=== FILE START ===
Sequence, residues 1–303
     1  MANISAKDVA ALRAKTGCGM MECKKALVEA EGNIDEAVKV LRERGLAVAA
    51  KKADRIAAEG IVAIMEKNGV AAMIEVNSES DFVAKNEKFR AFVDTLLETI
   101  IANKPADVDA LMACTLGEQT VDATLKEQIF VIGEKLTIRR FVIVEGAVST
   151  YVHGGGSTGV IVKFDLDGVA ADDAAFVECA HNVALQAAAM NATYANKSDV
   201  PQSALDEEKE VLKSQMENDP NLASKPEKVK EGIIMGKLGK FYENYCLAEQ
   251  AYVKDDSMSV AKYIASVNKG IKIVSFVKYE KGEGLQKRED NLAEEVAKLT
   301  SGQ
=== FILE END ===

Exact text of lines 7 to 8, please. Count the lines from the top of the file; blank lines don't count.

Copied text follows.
   251  AYVKDDSMSV AKYIASVNKG IKIVSFVKYE KGEGLQKRED NLAEEVAKLT
   301  SGQ